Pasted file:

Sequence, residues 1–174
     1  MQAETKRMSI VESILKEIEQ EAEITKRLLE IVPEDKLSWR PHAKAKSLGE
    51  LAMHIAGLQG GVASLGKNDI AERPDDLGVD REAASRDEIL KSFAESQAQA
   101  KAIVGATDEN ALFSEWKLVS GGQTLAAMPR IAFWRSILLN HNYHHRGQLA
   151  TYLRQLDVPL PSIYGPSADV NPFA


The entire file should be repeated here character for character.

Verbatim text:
Sequence, residues 1–174
     1  MQAETKRMSI VESILKEIEQ EAEITKRLLE IVPEDKLSWR PHAKAKSLGE
    51  LAMHIAGLQG GVASLGKNDI AERPDDLGVD REAASRDEIL KSFAESQAQA
   101  KAIVGATDEN ALFSEWKLVS GGQTLAAMPR IAFWRSILLN HNYHHRGQLA
   151  TYLRQLDVPL PSIYGPSADV NPFA